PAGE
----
It was edited by Roland Robinson, Grace Perry and others in the first twelve months; Perry became editor in 1962, continuing until 1964. In that year, a special issue that contained the untranslated works of foreign authors drew strong criticism from other members of the Poetry Society. Because of the conflict, Perry left to establish her own magazine, Poetry Australia, pursuing her goals of an international magazine. Robinson, after a short absence from the society, returned as President and primary editor of the magazine in 1965, ensuring that Poetry Magazine retained a strong Australian focus.
Robinson's policies were challenged in 1968 when Robert Adamson joined the editorial committee, bringing his strong appreciation of American writers and non-traditional poetics. In 1969, Adamson's 'Young Poets' special issue introduced many new 'modern' poets to Poetry Magazine, challenging the poetry 'establishment' of writers such as A. D. Hope and James McAuley. After a special meeting of the Poetry Society was called to 'discipline' Adamson, the newer members asserted their voting power over the older generation. Subsequently, Adamson, Greg Curtois and Carl Harrison-Ford were elected to prominent positions in the Poetry Society. Robinson, unable to assert his more traditional editorial policies, resigned in protest.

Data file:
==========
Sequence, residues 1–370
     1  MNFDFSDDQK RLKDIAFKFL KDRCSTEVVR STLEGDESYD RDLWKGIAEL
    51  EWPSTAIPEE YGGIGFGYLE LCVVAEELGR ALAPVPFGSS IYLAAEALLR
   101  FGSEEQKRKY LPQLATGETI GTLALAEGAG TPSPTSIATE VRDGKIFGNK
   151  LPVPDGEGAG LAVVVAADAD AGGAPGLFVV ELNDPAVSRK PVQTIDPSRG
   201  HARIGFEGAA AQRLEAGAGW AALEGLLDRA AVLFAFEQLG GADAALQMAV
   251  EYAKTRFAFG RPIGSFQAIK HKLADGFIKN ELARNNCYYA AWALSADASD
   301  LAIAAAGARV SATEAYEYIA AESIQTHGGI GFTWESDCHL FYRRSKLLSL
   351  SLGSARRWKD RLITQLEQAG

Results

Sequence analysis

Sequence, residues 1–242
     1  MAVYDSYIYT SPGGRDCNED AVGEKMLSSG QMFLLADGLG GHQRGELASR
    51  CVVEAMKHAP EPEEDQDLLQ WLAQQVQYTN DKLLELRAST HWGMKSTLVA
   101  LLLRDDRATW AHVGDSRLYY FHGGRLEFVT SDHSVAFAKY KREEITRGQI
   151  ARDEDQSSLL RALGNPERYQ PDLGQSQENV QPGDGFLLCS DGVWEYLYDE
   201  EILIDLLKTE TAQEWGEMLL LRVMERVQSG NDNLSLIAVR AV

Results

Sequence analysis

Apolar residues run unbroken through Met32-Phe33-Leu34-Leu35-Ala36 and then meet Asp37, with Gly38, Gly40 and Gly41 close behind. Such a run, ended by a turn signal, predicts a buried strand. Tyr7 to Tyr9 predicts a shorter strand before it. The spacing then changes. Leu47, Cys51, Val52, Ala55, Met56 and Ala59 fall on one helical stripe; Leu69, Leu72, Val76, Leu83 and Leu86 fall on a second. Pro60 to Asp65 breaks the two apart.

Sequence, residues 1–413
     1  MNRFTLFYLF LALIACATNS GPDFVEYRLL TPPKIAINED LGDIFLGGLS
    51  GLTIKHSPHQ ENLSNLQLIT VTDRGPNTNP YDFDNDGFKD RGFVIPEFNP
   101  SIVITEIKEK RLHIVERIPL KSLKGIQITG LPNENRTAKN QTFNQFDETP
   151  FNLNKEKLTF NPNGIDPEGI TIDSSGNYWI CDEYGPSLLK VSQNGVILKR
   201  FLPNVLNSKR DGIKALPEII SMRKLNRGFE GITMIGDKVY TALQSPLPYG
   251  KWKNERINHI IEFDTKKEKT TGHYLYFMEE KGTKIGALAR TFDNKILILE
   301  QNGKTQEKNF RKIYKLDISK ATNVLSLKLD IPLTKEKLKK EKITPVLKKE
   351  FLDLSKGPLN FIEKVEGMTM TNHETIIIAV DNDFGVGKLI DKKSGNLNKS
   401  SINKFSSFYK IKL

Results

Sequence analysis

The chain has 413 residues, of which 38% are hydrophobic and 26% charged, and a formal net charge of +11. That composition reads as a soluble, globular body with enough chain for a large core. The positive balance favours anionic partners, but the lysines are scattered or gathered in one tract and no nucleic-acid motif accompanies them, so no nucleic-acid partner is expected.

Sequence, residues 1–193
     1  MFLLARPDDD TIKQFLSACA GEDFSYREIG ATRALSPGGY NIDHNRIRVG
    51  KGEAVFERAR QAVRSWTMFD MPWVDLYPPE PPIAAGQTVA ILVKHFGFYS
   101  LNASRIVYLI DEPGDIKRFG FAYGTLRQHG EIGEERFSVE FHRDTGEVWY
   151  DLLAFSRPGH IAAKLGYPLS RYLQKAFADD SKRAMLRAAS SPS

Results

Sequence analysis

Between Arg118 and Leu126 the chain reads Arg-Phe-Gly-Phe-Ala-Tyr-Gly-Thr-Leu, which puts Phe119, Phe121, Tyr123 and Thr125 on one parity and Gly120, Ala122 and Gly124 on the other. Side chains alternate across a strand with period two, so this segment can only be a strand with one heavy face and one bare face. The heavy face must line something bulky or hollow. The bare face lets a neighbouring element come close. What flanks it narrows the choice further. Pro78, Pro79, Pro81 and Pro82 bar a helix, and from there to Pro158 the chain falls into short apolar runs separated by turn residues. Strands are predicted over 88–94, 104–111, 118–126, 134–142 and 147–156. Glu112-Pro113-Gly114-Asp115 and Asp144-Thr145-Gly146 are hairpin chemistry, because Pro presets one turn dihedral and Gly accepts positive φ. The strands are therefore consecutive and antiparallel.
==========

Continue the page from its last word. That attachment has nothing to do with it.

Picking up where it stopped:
Poetry Magazine gradually evolved into a periodical that favoured modern poetics. In February 1971 Poetry Magazine was renamed New Poetry, signalling a clean break from the more traditional verse Robinson had fostered in the 1960s. New Poetry became a significant supporter of poets who are generally grouped under the banner of New Australian Poetry.